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XINHUA NEWS SERVICE REPORTS FROM THE AFRICAN CONTINENT

 
Uganda battles with price increases at giant Kakira Sugar factory

by Ronald Ssekandi JINJA, Uganda (Xinhua) -- Gigantic machines at Kakira Sugar factory in eastern Uganda roar throughout the day and night processing the popular sweet product.

Truck loads of sugarcane line outside the factory premises waiting to deliver cane.

However on the farms and in the market, things are a little different as the prices of the end product, sugar, are skyrocketing mainly due to the long dry spell that the country experienced last year.

Less cane is now brought to the factory as a result of poor harvests.

This has resulted in falling sugar production.

Figures from the Uganda Sugar Manufacturer’s Association (USMA) show that the country has been producing 500,000 tonnes of sugar a year but due to shortage of the sugarcane, production is now below 450,000 tonnes.

The meteorological department is warning that the country should brace itself for tougher times as this year the dry spell is going to be longer, leading to poor crop harvests.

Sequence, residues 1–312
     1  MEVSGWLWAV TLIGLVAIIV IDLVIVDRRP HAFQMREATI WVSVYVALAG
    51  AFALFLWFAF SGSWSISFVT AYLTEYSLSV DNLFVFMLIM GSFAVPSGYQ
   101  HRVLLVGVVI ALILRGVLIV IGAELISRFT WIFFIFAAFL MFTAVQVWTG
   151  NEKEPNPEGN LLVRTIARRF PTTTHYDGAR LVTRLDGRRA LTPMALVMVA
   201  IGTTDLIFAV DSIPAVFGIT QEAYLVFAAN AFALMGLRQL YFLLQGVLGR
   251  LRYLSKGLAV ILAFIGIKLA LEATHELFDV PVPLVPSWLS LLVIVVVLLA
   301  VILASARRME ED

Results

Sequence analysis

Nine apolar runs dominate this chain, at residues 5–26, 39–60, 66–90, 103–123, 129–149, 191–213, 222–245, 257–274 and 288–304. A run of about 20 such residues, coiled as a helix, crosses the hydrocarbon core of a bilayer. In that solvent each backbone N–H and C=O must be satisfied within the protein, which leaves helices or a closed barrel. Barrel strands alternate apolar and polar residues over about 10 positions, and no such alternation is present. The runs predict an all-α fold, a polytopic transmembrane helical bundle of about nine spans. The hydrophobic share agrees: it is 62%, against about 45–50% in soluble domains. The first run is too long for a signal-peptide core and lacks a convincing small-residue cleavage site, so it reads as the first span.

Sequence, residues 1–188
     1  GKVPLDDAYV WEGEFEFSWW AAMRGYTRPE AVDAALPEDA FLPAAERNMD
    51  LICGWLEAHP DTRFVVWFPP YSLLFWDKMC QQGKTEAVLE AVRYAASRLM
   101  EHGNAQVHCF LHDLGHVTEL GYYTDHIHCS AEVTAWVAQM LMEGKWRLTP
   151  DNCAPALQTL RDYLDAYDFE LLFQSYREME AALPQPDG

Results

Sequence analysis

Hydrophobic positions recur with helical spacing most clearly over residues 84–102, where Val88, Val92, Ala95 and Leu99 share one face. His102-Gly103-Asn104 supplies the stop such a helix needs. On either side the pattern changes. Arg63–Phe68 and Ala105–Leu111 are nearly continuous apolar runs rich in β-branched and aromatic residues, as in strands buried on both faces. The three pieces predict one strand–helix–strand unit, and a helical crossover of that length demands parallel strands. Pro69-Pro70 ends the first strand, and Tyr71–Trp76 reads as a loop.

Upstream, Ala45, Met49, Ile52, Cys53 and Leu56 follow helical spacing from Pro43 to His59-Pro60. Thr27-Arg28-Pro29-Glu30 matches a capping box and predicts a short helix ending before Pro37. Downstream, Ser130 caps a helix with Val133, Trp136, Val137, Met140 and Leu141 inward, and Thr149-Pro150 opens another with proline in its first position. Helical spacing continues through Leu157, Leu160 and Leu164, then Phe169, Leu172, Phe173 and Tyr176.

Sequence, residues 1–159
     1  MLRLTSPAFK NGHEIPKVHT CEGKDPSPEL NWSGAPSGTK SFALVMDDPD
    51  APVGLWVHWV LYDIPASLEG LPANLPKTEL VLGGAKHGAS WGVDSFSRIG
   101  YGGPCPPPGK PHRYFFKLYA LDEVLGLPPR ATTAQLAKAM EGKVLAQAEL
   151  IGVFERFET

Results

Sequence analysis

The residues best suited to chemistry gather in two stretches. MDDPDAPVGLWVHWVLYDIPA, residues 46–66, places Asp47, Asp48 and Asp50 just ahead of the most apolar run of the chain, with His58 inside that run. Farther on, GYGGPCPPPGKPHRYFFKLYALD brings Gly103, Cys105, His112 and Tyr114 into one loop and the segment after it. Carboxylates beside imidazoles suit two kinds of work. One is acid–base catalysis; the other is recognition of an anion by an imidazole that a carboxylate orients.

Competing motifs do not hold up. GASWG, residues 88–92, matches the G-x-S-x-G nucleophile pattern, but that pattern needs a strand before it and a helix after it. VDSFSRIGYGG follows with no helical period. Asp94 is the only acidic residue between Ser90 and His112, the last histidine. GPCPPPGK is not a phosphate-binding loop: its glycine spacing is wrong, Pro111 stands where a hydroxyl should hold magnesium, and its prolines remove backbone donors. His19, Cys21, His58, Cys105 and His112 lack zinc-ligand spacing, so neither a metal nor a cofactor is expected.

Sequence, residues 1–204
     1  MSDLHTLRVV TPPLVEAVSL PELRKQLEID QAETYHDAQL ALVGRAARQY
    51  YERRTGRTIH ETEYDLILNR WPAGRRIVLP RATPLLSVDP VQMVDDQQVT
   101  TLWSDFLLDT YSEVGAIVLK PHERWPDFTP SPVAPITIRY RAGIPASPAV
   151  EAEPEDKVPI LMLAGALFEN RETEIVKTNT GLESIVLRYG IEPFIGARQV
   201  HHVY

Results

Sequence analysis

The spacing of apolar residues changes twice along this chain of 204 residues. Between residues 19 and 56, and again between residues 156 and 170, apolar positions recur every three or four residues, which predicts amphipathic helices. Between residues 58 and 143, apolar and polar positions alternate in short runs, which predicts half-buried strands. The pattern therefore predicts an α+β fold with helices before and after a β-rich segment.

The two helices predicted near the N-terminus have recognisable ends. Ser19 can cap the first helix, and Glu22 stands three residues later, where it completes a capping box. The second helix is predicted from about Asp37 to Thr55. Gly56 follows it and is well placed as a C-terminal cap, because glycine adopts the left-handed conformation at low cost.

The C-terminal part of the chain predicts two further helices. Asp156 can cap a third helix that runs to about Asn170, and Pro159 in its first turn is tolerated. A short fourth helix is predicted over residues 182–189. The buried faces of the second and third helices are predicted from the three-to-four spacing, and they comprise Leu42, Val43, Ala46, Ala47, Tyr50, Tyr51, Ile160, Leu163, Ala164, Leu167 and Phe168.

Ugandans largely depend on rain-fed agriculture.

"This season has been so bad for us, our sugarcanes are drying up in the gardens," Isa Budugo, a sugarcane farmer told Xinhua in an interview on Wednesday.

Government argues that the spike in price of sugar is an emergency that needs to be addressed.

Asked why the government did not anticipate the increase in prices, Trade Minister Amelia Kyambadde said they could not foretell natural calamities like climate change.

Besides the natural calamities that have befallen the sugar industry, there are other factors that are driving the run-away prices.

The demand for sugar has increased both within the country and outside.

USMA data shows that Uganda consumed about 350,000 metric tonnes in 2015 but this was expected to increase to 360,000 tonnes in 2016 judging from the demand.

Uganda also exports 25 percent its sugar to neighboring countries like Kenya, Democratic Republic of the Congo, Rwanda, and South Sudan.

Kyambadde argues that the manufacturers should release the sugar in their reserves or else the government will consider asking people to import sugar to address the supply shortages that are pushing up the prices.

The government has also planned to start irrigation schemes in the face of prolonged dry spells.

Some farmers are also planning to resort to irrigation instead of depending solely on rain.

"I’m planning to start irrigation on my farm because if I don’t do it, it will be me on the losing side.

"I cannot afford to wait until government starts its irrigation programs," Budugo said.

           

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